Wheelchairs, walkers and canes oh my…

Scooters and service dogs too to be fair. Personally I’ve used canes and walkers and obviously my service dog Oak. Let’s talk accessibility!

Ideally every building, parking lot and public space should be decked out for us mobility challenged people. That unfortunately is not the case, some places try but for the most part only the bare minimum of the law is achieved.

My previous office building, where I worked for 10 years before my MS and other health issues decided my body and brain just couldn’t do it anymore, had quite a few disability parking spots. That was great, the down side to that is that you have to get there early because those spots are shared with three buildings. The building also had buttons that open the doors for you in case you can’t. Most cases this is if you’re in a wheelchair or walker or scooter, but opening heavy doors with or without a service dog is challenging for me due to muscle atrophy and a tore biceps tendon. Going into the building the buttons worked, going out of the building it did not. I advised the maintenance workers of the problem and it worked for a week before it stopped working again.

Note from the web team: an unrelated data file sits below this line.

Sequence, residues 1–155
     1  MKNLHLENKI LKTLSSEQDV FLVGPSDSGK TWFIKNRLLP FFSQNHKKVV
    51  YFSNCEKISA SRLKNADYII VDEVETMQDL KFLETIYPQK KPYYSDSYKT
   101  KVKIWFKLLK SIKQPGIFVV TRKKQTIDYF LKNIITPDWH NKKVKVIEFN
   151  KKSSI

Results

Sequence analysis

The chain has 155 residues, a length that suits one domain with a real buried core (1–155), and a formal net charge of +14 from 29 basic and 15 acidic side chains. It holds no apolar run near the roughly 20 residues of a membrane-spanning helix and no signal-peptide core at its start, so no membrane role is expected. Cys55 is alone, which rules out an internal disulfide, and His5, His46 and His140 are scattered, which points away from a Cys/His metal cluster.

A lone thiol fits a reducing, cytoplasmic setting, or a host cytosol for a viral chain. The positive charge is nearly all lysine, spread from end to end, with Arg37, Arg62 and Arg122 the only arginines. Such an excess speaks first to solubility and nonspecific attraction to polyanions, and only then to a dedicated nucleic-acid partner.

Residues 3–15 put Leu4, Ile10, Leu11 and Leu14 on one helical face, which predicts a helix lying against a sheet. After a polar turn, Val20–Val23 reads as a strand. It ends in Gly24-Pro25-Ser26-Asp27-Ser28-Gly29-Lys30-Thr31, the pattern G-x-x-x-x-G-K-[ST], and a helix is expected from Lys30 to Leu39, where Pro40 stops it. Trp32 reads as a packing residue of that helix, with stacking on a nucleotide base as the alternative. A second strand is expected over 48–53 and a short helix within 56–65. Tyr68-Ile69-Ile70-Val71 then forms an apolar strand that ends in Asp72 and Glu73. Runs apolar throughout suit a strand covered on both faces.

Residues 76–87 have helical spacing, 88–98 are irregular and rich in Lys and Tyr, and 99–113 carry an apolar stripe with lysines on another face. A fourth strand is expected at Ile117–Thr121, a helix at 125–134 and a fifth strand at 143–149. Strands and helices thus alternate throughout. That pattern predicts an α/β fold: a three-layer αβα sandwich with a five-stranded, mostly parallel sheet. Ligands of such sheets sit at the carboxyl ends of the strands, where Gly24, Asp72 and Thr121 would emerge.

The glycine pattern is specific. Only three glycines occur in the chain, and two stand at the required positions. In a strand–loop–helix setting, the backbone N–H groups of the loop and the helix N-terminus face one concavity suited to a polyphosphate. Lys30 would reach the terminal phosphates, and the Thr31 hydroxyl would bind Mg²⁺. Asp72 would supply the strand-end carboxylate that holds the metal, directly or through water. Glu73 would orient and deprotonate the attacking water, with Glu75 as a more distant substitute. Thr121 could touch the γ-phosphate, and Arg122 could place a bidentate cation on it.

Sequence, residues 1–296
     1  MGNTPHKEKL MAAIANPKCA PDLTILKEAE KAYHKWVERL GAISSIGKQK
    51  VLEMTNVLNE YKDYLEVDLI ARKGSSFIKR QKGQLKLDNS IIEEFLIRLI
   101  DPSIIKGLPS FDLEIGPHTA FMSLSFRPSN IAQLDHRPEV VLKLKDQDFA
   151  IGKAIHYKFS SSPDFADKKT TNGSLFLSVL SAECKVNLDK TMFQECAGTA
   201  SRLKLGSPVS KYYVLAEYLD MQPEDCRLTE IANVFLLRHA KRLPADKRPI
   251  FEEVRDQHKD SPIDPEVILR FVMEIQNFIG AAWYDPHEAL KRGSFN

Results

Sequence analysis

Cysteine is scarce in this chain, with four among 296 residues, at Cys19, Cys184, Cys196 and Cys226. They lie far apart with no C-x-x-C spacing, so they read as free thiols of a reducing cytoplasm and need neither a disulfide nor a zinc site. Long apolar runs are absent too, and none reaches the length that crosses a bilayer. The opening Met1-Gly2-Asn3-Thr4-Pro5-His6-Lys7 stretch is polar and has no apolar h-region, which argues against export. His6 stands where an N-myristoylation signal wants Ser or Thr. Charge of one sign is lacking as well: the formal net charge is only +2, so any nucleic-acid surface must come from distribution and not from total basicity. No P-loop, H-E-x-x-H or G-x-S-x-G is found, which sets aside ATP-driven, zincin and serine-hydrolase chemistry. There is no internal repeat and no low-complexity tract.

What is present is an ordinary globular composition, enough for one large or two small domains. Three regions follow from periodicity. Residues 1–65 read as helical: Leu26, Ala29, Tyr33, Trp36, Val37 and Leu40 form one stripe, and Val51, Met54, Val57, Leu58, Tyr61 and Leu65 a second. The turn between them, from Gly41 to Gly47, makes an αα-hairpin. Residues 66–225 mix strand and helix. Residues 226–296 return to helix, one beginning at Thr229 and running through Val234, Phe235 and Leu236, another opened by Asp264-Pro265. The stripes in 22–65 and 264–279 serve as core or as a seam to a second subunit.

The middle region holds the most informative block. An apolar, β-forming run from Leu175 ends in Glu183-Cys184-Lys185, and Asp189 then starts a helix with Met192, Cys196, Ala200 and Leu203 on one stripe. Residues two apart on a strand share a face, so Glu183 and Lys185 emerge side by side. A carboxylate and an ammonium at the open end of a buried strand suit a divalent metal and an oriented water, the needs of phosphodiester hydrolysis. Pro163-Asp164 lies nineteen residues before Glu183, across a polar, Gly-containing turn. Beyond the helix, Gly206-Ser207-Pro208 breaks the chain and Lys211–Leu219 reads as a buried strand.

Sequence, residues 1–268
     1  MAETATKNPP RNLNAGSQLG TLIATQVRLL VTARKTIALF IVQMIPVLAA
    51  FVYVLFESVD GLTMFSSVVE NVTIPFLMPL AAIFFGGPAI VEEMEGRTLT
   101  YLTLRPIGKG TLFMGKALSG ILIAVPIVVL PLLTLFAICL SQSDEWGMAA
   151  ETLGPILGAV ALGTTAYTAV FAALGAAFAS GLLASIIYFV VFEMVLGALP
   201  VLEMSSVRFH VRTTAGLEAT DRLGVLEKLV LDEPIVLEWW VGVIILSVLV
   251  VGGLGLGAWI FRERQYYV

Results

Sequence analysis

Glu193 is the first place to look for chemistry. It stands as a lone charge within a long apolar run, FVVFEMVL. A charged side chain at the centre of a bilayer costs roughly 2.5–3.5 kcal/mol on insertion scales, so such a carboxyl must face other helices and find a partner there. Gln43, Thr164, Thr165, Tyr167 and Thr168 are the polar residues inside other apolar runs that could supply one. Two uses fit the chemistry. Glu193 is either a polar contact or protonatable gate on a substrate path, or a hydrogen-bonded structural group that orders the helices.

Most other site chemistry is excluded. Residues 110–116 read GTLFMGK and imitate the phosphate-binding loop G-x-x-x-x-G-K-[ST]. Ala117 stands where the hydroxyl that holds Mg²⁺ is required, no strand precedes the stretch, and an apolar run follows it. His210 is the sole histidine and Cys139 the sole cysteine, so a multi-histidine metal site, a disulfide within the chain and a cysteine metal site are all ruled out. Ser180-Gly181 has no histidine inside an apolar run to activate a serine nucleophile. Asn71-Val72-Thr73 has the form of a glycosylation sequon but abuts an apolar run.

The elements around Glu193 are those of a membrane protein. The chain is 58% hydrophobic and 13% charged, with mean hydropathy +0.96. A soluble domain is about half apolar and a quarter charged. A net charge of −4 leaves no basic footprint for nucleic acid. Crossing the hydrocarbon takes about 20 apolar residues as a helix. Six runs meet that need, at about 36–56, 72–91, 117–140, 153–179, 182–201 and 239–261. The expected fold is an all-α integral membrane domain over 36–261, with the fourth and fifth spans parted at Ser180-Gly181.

I don’t believe that people who work in buildings or maintain them think about those of us who are forced to use other methods of transportation for our bodies.

When I go to the store I can walk with my service dog and that is great, he keeps me from falling down. As a short person I see the issues that people in wheelchairs or scooters face. What happens if the thing needed is on the top two shelves? When it happens to me I have to wait for a tall person to walk by and beg the for help. Now, imagine that you cannot reach above chest or abdomen level every time you have to go shopping.

Both schools my children attend only have FOUR disability spots for parking. I can guarantee there are more than 4 people who need those spots because when my son was in kindergarten and most of first grade I had to arrive an hour early in order to have a parking spot so I could go fetch him from line. When there is a back to school night or even at either school I have to arrive more than 30 minutes before a normal person would to ensure that I can have a spot.

The current law in the USA for ADA parking is based on how many parking spaces you have in the lot. The other law for accessibility depends on the setup of buildings, an outdoor mall requires a certain amount of spaces based on access to different outdoor buildings. An indoor mall only has to have handicap spots next to an entrance. Now, if you enter an indoor mall for example there are escalators and regular stairs but elevators are less frequent. People in wheelchairs, scooters, walkers or service dogs cannot take anything but an elevator.

Next time I will talk about some places that people don’t often think about access unless they require it or are with someone who does.

 

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